Lisa Moriarty is mom to autistic twin boys, Stephen and Jack, and takes all kinds of precautions to keep her sons out of harm's way: "We have a latch on the closet door to make sure they don't get into anything... an alarm system at the house so we have the alert chime on the door so I know if it opens, and all medication is kept in a central location in the house so that no one has meds that may be left within reach."
Moriarty's biggest day-to-day safety concern: Keeping the boys safe in their room at night when she's asleep and not watching them, especially because, she says, "We never know what they will do next."
She's not alone. Denise Norton of Mt Gambier, South Australia, is the mother of 7-year-old Blair, a boy with autism. Her son is a "runner" -- he runs or wanders off without even any comprehension of the possible danger -- and so Denise knows all about the panic that can ensue when a child disappears. "When stressed, he will run and hide, where ever he can, and as far away as he can," she says. "The worst time was when he hid in an unlocked car on a 42 degree Celsius [107.6 degrees Fahrenheit] summer day, I found him on the verge of unconsciousness -- that was frightening."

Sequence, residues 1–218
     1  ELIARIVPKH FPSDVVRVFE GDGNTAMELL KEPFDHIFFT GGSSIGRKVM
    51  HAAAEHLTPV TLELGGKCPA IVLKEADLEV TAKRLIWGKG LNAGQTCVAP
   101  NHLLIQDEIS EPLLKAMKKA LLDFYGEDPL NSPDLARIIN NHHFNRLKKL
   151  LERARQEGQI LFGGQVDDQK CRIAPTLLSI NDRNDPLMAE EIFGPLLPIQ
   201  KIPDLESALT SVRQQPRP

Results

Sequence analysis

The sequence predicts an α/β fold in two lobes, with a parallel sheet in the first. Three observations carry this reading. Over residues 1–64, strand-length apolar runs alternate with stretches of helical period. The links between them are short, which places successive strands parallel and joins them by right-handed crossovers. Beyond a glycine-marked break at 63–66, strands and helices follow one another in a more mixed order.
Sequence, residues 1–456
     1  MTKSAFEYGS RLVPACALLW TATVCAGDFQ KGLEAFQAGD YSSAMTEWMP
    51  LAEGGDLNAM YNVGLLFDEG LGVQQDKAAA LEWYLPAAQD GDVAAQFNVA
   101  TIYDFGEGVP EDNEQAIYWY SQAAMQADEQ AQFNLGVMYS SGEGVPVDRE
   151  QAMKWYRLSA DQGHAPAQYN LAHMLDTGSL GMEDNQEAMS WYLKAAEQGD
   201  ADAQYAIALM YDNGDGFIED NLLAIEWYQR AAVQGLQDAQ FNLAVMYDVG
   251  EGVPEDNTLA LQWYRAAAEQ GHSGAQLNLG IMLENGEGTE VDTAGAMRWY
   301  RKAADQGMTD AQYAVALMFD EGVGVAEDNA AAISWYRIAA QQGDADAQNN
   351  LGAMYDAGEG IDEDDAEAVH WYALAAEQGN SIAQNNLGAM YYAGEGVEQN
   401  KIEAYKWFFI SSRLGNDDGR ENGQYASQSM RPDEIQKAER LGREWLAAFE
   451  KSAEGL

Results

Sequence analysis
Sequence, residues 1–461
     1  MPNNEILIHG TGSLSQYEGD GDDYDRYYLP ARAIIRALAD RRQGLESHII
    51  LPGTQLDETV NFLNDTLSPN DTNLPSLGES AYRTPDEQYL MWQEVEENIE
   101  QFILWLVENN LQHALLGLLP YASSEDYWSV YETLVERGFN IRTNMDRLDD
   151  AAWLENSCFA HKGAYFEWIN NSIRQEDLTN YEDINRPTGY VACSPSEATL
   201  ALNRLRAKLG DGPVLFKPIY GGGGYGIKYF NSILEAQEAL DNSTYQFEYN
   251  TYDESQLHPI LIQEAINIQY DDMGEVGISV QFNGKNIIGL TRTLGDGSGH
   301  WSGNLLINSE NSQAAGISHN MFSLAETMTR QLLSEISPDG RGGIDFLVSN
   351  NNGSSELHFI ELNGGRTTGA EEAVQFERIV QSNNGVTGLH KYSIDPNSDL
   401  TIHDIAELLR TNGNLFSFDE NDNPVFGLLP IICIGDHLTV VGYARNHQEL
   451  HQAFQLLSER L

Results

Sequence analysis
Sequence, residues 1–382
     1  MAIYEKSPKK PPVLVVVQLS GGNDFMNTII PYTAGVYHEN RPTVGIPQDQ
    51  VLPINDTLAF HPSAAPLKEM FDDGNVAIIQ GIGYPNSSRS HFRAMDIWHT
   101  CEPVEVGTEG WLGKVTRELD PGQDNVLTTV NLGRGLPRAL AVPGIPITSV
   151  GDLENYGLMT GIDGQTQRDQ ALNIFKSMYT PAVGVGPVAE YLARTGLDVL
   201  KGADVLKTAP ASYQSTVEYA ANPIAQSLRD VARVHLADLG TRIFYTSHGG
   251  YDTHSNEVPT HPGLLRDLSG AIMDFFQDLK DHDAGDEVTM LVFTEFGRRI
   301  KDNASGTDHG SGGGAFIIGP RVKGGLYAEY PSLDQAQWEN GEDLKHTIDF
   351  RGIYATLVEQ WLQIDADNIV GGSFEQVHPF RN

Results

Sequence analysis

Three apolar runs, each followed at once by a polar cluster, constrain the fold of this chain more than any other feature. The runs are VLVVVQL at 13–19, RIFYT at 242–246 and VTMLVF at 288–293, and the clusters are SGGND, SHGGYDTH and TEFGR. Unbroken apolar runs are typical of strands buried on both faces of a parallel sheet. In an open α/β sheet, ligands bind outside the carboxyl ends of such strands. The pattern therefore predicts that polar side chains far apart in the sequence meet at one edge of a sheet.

In response, her family regularly tries to to teach Blair safe places to hide out when he gets stressed, but, as she says, "it's a work in progress."
And then there are stories with truly tragic endings. "Kedan, my precious son, was out of my sight for five minutes watching TV. Five short minutes and my life is forever changed now," wrote SheKnows community member Sandra. She lost her autistic son Kedan when he escaped from the house and followed his ball into a nearby pond.
Kedan's dad found him not even five minutes later... but the boy had already drowned. The EMTs worked on the almost 5-year-old for an hour, but were unable to revive him. "I want to see him and hug him so badly but I can't. I cry constantly wishing I could hold him again." (Read Sandra's heartbreaking message board post about the tragedy here.)
Sadly, this is just one of several similar stories that have been in the news each of the past few years. While most children are drawn to water, many autistic children seem even more fascinated by it -- and they're also fearless. So special care needs to be taken around pools, ponds, lakes, fountains, hot tubs, bathtubs and even buckets -- and teaching your child to swim should be an early priority.
If you have a child with autism and are looking for ways to up your home's safety quotient, here's a look at what some other parents are doing -- and what you might want to consider.
Around the house: